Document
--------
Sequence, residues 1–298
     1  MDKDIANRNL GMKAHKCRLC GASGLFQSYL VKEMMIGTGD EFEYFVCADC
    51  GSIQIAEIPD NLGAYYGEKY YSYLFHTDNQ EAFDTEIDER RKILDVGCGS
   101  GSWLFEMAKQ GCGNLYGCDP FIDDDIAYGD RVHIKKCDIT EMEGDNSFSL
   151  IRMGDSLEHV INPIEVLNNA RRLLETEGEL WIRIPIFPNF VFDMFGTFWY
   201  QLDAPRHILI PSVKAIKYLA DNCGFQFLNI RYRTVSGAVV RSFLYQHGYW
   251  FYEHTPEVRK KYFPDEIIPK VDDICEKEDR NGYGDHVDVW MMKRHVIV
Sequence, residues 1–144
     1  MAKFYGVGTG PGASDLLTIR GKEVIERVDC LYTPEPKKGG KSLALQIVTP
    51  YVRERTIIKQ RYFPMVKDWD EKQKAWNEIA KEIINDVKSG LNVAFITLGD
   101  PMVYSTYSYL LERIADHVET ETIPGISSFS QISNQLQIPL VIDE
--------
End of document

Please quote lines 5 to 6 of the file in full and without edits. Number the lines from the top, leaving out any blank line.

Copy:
   151  IRMGDSLEHV INPIEVLNNA RRLLETEGEL WIRIPIFPNF VFDMFGTFWY
   201  QLDAPRHILI PSVKAIKYLA DNCGFQFLNI RYRTVSGAVV RSFLYQHGYW